If you’re a plaintiff who is seeking an attorney to try a case, legal funding likely isn’t for you. A legal finance firm will not fund a case before it has been accepted by an attorney or by the courts.

If you’re a defense attorney coming from a well-funded defense firm, legal funding is not for you. You already have the funds to litigate your case successfully, and have no need for extra assistance. You’d be wasting both your time and the time of the funding company if you applied for financing.

If you’re a plaintiff’s attorney seeking fee acceleration on a settlement that will pay out within a few days time, you likely won’t receive legal funding. You would be setting yourself for unnecessary repayments and paperwork if you applied for legal funding in this situation.

While there are a few other instances where you won’t qualify for legal funding, there are plenty of other cases where you will. From pre-settlement and post-settlement funding, to appeals and judgment funding, there are legal funding options for almost every situation.

“Legal Funding,” “Litigation Financing”, and “Lawsuit Loans” Are All The Same. FALSE!

Legal Funding and Litigation Financing can be used interchangeably, but Lawsuit Loans are a completely different thing.

The key word here is “loans”.

Legal funding, also known as litigation finance, is a process by which a legal funding firm purchases legal receivables from a plaintiff or an attorney. Such receivables include an attorney fee attached to a settlement (post-settlement funding) or anticipated proceeds from ongoing litigation (pre-settlement funding) — and then advances that purchase amount to the client. Then, at a later date, the client will repay this advance, along with a pre-determined amount of discount, from proceeds of the settlement or judgement.

In some cases, legal funding is non-recourse. This can occur when a settlement or fee does not get paid for unforeseen, non-preventable reasons. When this happens, the client does not return the advance to the funding company.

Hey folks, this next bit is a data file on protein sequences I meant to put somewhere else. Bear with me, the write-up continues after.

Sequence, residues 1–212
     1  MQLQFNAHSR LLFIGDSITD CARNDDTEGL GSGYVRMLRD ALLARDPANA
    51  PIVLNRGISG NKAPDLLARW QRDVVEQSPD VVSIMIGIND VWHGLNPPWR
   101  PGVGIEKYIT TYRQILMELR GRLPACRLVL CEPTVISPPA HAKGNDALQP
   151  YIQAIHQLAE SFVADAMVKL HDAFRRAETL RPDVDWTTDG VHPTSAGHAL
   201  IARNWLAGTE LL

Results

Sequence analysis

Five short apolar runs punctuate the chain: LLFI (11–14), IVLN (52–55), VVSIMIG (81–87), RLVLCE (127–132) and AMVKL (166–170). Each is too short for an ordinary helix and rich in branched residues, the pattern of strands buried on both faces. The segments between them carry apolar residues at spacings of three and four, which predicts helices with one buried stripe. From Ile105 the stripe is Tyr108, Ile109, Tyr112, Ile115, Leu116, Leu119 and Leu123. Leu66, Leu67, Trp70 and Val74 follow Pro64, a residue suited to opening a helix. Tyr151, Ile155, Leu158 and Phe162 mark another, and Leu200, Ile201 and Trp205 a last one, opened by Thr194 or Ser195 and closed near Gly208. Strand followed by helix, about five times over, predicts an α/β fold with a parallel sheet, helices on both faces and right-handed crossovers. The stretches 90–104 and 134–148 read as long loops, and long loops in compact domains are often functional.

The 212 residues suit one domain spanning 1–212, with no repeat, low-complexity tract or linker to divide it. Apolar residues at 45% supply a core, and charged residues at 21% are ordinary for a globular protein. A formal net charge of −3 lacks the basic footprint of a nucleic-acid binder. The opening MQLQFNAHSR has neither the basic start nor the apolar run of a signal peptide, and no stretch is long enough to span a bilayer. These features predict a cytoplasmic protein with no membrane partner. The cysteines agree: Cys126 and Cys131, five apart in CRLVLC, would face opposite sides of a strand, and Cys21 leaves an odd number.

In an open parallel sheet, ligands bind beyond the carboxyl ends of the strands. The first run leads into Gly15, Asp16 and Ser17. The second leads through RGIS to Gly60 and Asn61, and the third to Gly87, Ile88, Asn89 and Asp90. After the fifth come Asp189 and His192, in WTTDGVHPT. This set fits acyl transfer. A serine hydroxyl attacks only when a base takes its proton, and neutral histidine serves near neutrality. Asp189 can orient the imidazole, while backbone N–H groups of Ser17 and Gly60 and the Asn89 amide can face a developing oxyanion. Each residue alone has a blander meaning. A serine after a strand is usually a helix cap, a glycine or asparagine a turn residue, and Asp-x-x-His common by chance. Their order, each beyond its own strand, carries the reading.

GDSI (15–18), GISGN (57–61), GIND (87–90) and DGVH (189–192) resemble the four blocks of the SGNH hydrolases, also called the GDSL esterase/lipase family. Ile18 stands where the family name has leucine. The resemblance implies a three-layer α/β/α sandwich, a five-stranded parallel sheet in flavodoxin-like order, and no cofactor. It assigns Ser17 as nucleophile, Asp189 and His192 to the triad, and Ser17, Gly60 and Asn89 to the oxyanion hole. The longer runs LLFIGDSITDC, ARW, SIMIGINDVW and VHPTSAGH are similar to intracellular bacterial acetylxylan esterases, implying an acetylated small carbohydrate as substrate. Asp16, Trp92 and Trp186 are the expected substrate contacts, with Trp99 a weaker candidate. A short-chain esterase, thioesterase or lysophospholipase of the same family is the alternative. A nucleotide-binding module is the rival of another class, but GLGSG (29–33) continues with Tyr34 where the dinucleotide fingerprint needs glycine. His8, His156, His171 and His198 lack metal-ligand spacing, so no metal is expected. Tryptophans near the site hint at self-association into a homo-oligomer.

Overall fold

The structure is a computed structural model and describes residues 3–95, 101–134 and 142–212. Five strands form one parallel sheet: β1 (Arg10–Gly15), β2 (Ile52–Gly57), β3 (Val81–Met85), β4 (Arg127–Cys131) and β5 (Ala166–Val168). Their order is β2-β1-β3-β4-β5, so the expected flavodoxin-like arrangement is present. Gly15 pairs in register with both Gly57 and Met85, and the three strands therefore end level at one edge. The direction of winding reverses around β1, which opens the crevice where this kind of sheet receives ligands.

This is NOT how a loan works.

Loans are given out regardless of whether or not a future sum in the form of a settlement, a fee, or otherwise will be paid to the client. At an agreed upon future date, the client is expected to repay the loan along with a predetermined amount of interest. The cost to the client is the entire loan amount, along with the interest amount. The loan is considered a cost, because there is no guarantee that the client will have future earnings equal to or greater than the loan amount.

So the next time you hear someone saying that “legal funding” is the same thing as a “lawsuit loan”, you can put them in their place.

Traditional Loans Are More Intensive Than Legal Funding. TRUE!

While traditional loans may be less expensive than legal funding, they’re also more intensive for attorneys.

It’s true, for example, that a personal loan might have an interest rate between 6-8%. And it’s true that legal funding firms generally have higher rates, which vary depending on the type of funding being offered.

However, higher premiums aside, legal funding firms make life much easier for attorneys who often don’t qualify for traditional funding like bank lines of credit and personal loans. That’s because loan companies often want something that most plaintiff’s attorneys don’t have: physical collateral. The majority of the time, plaintiffs’ attorneys who apply for loans will be rejected because of insufficient collateral.

Contingency fee attorneys more often than not rent their office space and other accommodations that they need to run a successful practice, leaving them without physical collateral. Their most valuable assets are not physical objects, but thoughts and documents: their case portfolio and their law practice. Banks don’t accept these as collateral.

Legal funding firms, on the other hand, do.

Legal funding companies were developed specifically to take legal assets as collateral to help attorneys struggling with cash flow issues get back on their feet and reinvest in their own practices. The industry expanded to helping the clients of these attorneys, as well, and today offers multiple types of customized funding options to contingency fee attorneys and plaintiffs.

Did you win the game? Were you able to guess which facts were indeed facts, and which was a fib? Do you have any other funding fictions that you’d like to see turned upside down? Do you know any other fun legal cartoons I can read?

Let me know by leaving a comment!

Photo Credit: image by smlp.co.uk


Shayna Keyles has been keeping the world informed on the latest in law and litigation financing with RD Legal Funding, LLC since 2012. She offers writing and content marketing tips at her website, www.contentliaison.com, and tweets at @SKLiaison.